Foreign PolicyAs we approach the next Presidential election the topic of American foreign policy is once again in the spotlight. In this paper, I will examine four major objectives of U.
S. foreign policy that have persisted throughout the twentieth century and will discuss the effect of each on our nation’s recent history, with particular focus on key leaders who espoused each objective at various times. In addition, I will relate the effects of American foreign policy objectives, with special attention to their impact on the American middle class.
Most importantly, this paper will discuss America’s involvement in WWI, WWII, and the Cold War to the anticipated fulfillment of these objectives—democracy, manifest destiny, humanitarianism, and economic expansion.To understand the United States’ involvement in these wars, we must first be aware of the role each of these policies plays within our nation and the importance of these four objectives to the American people. Democracy, which is the classic liberal political tradition, ensures the right of the people to determine their own government and is the foundation upon which our nation was founded. Manifest Destiny is defined as the responsibility to work to living in social harmony, or the belief that the U.S. is to show everyone how to live best in mutual striving and social harmony.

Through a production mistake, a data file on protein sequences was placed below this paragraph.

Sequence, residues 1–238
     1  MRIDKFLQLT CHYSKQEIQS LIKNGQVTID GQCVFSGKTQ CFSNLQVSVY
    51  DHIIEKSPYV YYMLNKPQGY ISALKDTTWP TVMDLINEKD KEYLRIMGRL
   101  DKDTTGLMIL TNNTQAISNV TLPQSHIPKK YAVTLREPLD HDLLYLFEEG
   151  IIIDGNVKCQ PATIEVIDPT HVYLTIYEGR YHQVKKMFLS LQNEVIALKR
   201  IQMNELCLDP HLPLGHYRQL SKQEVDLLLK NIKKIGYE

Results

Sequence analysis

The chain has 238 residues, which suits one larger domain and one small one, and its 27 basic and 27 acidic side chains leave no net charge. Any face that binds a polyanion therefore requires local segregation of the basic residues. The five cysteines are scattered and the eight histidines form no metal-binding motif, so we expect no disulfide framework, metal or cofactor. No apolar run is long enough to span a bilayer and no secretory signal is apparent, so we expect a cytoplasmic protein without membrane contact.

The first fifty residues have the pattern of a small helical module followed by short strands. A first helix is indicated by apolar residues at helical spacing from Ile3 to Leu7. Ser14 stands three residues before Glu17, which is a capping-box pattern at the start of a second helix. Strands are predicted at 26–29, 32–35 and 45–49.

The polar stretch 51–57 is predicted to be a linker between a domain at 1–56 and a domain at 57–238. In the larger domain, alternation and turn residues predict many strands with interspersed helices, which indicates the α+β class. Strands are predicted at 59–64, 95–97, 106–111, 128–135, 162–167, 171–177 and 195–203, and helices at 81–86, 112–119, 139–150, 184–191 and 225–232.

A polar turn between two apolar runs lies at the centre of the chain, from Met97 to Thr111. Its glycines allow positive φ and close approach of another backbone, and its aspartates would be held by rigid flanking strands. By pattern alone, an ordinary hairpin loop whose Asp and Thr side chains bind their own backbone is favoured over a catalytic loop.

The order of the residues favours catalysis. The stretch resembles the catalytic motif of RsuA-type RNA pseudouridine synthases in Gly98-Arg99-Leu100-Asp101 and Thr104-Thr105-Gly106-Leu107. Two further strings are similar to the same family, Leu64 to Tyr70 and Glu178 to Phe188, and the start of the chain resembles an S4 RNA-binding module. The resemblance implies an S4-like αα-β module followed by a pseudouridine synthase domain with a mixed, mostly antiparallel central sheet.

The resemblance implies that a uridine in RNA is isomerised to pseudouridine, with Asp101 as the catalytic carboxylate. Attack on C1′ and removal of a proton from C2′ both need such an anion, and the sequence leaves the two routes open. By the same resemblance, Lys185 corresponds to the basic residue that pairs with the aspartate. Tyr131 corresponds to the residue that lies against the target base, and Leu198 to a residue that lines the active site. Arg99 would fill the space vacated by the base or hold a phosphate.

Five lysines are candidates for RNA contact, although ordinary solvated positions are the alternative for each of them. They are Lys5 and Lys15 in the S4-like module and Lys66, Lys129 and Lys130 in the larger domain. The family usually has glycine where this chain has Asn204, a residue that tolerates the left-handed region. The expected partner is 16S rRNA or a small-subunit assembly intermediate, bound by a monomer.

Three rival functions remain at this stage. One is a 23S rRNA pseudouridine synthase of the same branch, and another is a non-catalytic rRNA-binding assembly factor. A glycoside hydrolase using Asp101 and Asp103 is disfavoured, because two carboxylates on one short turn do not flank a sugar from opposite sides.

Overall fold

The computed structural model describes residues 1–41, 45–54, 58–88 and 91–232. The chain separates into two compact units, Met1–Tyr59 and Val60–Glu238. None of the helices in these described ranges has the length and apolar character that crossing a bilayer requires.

Humanitarianism is described as the doctrine of ethics and humility toward the welfare of mankind worldwide. Economic expansion refers to increasing the American market overseas, which in turn guarantees jobs for the American middle class. These four objectives have been key factors in the defining and shaping of our country throughout its history, and they continue to influence our nation on the global spectrum as we enter the 21st century.The U.
S.’ involvement in World Wars I and II did not occur immediately following the beginning of the wars. Rather, in WWI, President Wilson, who had built his re-election campaign around the slogan, “he kept us out of war,” entered the U.
S. into WWI shortly after his re-election. Although Wilson had not specifically promised to keep the country out of war, he declared that only a negotiated “peace without victory” would prove durable (Bailey, 722).
Unfortunately, when the German U-boats sank four unarmed American ships, Wilson was left with no choice than to ask Congress for a declaration of war. Primary objectives of entering the U.S. into the war were not primarily to seek revenge on Germany. Wilson’s more important goal was to preserve democracy within the U.